Green Light to Stim!

When I had my baseline appointment last week, the Dr. found an estrogen-producing cyst on my right ovary that was causing my Estradiol to be 392, which was way too high. So they kept me on Lupron (10 units) for an extra week. After spending way too much time on Google looking up estrogen-producing cysts, high levels of E2, and delayed/cancelled IVF cycles, I had hope when I read that getting your period may help the cyst disappear and E2 levels would drop. It was possibly the first time I was thanking the heavens when I got my period on Saturday. Not sure how much validity is in this, but I also tried cutting out meat/dairy products over the next few days in hopes that that would help reduce my estrogen level.

I went back for an ultrasound and bloodwork on Thursday and the Dr. could no longer see the cyst anymore! A few hours later, I got confirmation that I was good to start stimming the next day as my E2 had decreased to 91.8…woohoo!!! I am cutting it extremely close with this IVF cycle as I am booked for a hysteroscopy on Nov. 6. Hopefully all will go smoothly with this round of FSH meds and that egg retrieval will be able to happen before that date.

Since my memory is at the level of a 78 year-old, I had pretty much forgotten all of the injection training I had received at the clinic 3 weeks ago. Maybe I should have taken up the nurse’s offer to borrow the teaching tools to practice at home (yes, I was that bad…!!)…Thankfully the clinic’s website has training videos on it. I don’t know if it’s just me or if others doing IVF feel the same way but I was incredibly stressed about doing these injections. I can’t believe I was worried about the Lupron injection before! Now that is the easiest one. I was to reduce Lupron to 5 units, use Puregon (350 units), and Menopur (150 units).

S and I have been on decent terms lately. Kind of being like friends. We text each day wishing each other good morning and good night and occasionally get together for a meal or movie. But other than hugs, a kiss on the forehead (from him) and the use of the kissing emoji, we awkwardly avoid any other form of romantic contact. Anyway, he knew I was feeling really anxious about these injections so he offered to come by after work to help me. My anxiety overtook any pride/independence I was feeling and I quickly took him up on his offer. As I carefully laid out each item (oh my god, so many!!) with the corresponding instructional pamphlet, he watched the training videos.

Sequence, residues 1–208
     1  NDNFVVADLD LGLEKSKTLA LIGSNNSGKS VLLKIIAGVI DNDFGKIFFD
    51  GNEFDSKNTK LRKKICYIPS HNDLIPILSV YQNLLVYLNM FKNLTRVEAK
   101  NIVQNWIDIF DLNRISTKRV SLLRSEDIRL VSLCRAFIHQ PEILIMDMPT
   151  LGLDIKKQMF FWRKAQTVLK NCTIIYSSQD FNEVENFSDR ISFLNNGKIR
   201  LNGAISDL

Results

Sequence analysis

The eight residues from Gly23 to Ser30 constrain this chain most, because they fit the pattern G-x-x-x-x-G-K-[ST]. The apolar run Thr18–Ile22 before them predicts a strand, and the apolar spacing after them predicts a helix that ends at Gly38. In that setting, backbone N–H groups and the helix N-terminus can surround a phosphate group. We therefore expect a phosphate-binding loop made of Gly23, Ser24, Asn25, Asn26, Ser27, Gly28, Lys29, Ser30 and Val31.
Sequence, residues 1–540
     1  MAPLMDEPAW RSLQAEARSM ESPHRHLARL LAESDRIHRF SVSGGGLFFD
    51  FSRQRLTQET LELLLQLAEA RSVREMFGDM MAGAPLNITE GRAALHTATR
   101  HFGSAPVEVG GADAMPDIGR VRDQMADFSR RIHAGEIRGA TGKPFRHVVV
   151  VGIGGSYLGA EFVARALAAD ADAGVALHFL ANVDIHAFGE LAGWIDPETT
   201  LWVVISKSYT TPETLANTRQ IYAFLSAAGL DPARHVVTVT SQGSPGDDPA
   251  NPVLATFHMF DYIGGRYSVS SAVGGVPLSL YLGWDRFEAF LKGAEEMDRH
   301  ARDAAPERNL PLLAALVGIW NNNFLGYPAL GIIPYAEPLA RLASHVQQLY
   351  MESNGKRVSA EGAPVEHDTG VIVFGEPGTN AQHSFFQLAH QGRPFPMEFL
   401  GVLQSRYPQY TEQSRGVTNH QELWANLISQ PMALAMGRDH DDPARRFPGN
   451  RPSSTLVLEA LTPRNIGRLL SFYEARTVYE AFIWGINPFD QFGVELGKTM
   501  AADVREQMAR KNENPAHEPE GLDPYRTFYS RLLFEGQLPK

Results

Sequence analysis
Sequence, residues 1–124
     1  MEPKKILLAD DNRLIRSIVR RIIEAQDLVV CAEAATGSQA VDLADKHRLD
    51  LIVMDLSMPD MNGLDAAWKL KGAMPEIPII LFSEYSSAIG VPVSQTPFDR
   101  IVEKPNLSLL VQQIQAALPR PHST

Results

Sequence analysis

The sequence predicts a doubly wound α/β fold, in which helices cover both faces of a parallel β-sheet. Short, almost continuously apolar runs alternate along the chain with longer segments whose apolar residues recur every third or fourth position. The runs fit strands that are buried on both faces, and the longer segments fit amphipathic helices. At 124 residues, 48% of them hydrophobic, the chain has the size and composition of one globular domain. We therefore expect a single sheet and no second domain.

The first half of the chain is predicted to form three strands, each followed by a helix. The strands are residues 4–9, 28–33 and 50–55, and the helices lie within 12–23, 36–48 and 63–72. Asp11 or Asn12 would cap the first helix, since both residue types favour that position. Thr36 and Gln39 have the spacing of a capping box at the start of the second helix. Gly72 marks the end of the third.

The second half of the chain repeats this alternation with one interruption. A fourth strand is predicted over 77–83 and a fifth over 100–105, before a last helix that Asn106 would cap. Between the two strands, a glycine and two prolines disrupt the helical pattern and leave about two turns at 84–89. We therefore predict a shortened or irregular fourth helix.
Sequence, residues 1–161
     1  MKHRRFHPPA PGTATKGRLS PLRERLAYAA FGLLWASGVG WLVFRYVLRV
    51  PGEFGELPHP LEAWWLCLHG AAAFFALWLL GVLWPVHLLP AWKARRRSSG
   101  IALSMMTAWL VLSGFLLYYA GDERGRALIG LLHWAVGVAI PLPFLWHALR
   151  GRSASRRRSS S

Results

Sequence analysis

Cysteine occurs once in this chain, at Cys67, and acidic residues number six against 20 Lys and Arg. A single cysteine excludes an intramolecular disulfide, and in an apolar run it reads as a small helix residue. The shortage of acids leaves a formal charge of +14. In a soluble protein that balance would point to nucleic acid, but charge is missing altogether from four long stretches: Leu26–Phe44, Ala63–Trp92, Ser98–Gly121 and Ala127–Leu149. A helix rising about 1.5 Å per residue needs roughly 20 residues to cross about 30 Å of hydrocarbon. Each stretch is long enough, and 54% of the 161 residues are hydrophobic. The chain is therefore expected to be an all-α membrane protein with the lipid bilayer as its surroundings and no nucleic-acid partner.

#1 – Lupron: Easy peasy!

#2 – Puregon pen: Was the second easiest. Thank god, my dose was simple so I needed one vial exactly. Hurt a little more than the Lupron syringe and bled a little bit.

#3 – Menopur: The one I was dreading as there was mixing involved. We did get confused about how much saline to use as I needed two vials of the powder. We decided to use 1 mL since the pamphlet said that is typically the dose. As I injected, it definitely felt like a lot more liquid going in and it was the most painful. With this one, I bled the most and was a bit sore afterwards. This is the only time that I was glad that I have a good amount of fat on my mid-section.

#4 – Tuxedo truffle cake that S brought: It did feel like it was a cause for celebration to get the first day of stimming injections over with. I was very relieved and also very thankful that S could be there with me to assist (mostly keeping me calm, reminding me of little things I forgot, and not letting me second-guess myself).